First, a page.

20 Friedrich Nietzsche Prussian born philosopher - At 24 years of age, he earned a professorship at Basel His most productive years were after he left Basel, with the culmination of his work (not to mention notoriety) coming with the writing of Thus Spoke Zarathustra.

21 For many years, Nietzsche had been closely associated with the German composer, Richard Wagner. The extent of their relationship is speculation at best, but at some point around , there was a deep rift wedged between the two men.

22 In 1889, less than two weeks after the completion of Nietzsche contra Wagner, he broke down, insane. Accounts tell of a frail Nietzsche draping himself around the neck of an old horse which was being brutally beaten in the street.

23 Sigmund Freud 1885 Studied under Jean Charcot in Paris who was using hypnosis to treat hysteria Published The Interpretation of Dreams presented structural model of id, ego, & superego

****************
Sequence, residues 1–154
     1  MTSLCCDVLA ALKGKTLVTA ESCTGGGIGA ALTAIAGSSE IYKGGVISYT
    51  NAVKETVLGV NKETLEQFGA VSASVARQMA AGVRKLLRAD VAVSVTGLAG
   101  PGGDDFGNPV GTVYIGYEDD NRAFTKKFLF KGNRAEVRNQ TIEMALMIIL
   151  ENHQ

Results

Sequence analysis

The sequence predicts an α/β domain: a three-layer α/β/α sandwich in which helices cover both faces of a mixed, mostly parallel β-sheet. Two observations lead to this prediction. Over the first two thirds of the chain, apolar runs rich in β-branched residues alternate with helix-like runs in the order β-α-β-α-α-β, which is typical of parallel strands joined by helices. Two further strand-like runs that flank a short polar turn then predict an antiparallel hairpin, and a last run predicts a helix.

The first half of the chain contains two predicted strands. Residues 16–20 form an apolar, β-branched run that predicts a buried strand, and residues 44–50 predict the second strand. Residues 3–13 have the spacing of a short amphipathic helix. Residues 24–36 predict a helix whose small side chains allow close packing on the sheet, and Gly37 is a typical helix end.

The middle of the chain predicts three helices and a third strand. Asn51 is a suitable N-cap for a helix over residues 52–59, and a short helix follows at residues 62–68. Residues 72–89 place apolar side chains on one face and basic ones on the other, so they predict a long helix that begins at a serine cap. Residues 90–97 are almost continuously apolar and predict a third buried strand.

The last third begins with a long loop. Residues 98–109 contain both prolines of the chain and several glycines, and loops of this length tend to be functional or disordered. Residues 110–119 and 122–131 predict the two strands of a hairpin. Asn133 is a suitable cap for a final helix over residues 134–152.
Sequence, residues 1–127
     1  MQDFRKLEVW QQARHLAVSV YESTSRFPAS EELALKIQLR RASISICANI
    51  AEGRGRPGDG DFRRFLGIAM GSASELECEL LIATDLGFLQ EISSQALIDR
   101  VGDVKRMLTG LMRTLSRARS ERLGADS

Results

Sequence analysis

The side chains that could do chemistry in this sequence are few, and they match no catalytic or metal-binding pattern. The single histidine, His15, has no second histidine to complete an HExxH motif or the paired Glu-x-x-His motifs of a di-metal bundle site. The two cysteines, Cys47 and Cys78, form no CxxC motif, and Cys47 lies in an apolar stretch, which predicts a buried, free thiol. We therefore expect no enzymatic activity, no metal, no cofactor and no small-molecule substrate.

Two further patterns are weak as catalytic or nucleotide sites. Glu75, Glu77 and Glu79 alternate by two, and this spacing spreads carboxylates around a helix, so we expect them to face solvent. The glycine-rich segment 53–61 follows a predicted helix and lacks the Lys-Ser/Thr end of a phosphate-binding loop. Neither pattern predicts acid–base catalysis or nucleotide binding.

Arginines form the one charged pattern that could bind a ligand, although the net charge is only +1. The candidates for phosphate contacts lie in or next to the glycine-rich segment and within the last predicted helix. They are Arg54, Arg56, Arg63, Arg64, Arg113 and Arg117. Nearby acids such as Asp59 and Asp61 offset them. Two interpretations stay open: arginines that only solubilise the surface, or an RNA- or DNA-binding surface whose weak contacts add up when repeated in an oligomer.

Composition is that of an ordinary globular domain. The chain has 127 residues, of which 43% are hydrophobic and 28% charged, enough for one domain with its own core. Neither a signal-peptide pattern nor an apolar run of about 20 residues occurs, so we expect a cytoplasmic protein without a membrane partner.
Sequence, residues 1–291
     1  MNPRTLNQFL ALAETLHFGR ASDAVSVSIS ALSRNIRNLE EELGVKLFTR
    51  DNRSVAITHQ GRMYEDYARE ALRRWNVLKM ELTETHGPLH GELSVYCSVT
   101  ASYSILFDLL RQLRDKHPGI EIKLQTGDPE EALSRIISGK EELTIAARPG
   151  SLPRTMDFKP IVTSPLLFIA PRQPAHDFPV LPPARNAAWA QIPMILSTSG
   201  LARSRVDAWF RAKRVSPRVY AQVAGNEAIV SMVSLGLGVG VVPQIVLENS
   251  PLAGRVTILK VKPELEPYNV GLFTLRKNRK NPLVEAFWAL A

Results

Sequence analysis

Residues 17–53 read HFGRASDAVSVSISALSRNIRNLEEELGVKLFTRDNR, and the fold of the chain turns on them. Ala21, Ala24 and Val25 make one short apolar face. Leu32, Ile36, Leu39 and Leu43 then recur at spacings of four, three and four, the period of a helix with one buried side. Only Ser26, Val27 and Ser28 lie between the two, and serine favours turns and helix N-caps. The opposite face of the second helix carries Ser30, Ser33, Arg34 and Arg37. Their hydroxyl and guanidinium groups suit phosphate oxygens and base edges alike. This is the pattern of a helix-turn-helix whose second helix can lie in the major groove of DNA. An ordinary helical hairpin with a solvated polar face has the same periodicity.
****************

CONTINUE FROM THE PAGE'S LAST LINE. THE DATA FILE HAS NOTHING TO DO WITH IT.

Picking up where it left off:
24 Freud's theory of normal personality: Id : instinctive energy - primitive, impulsive, operates by pleasure principle, unable to distinguish fantasy from reality, unconscious.

25 Ego: reality principle, needs to contain and delay the id's impulsiveness, channels libido through cathexis (object choice), partly conscious, partly unconscious. {a Freudian term for sexual urge or desire} Libido =

26 Superego : "Internalized parent," social rewards and punishments, irrational, absolutistic, made up of conscience and ego- ideal. Anticipates social response to ego's cathexes, unconscious.

27 CATHEXES - The libido's charge of energy. He often described the libido as the producer of energies that, if blocked, required release in other ways. If an individual is frustrated in his or her desires, Freud often represented that frustration as a blockage of energies that would then build up and require release in other ways: for example, by way of regression and the wishes to repress such desires.